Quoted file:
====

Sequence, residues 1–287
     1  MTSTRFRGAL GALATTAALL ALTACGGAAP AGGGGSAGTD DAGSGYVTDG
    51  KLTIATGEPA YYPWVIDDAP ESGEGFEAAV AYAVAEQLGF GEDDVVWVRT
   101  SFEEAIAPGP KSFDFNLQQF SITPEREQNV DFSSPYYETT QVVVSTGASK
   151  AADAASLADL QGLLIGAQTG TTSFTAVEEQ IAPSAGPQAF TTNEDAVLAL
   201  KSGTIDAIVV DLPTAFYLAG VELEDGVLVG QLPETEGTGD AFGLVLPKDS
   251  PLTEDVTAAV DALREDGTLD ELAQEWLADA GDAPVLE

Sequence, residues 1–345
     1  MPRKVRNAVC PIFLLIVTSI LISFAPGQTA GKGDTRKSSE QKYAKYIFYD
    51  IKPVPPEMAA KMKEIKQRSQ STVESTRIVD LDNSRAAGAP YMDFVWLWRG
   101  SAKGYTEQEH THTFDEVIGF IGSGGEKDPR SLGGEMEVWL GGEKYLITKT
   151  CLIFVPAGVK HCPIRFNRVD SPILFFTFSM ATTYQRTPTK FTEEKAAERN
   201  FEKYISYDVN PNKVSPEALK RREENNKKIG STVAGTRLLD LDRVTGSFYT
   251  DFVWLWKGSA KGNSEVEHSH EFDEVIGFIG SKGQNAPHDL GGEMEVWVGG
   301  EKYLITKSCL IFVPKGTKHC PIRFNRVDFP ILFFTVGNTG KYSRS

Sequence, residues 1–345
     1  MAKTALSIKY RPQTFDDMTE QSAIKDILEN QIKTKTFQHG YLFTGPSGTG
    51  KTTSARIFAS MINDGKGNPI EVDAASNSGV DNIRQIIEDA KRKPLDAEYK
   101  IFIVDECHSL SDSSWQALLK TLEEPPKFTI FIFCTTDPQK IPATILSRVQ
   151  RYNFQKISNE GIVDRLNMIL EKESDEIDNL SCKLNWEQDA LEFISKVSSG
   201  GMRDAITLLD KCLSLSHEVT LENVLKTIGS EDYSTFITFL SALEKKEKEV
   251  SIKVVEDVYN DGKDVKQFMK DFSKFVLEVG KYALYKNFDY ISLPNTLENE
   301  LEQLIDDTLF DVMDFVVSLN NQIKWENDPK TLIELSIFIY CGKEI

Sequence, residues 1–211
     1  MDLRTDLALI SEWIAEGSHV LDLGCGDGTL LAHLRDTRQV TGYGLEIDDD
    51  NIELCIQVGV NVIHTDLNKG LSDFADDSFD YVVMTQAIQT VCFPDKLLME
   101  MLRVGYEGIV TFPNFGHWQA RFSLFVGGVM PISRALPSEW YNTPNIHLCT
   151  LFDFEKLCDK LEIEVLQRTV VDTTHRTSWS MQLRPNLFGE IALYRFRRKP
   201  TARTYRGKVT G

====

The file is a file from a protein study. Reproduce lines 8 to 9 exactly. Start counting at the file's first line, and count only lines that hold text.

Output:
Sequence, residues 1–345
     1  MPRKVRNAVC PIFLLIVTSI LISFAPGQTA GKGDTRKSSE QKYAKYIFYD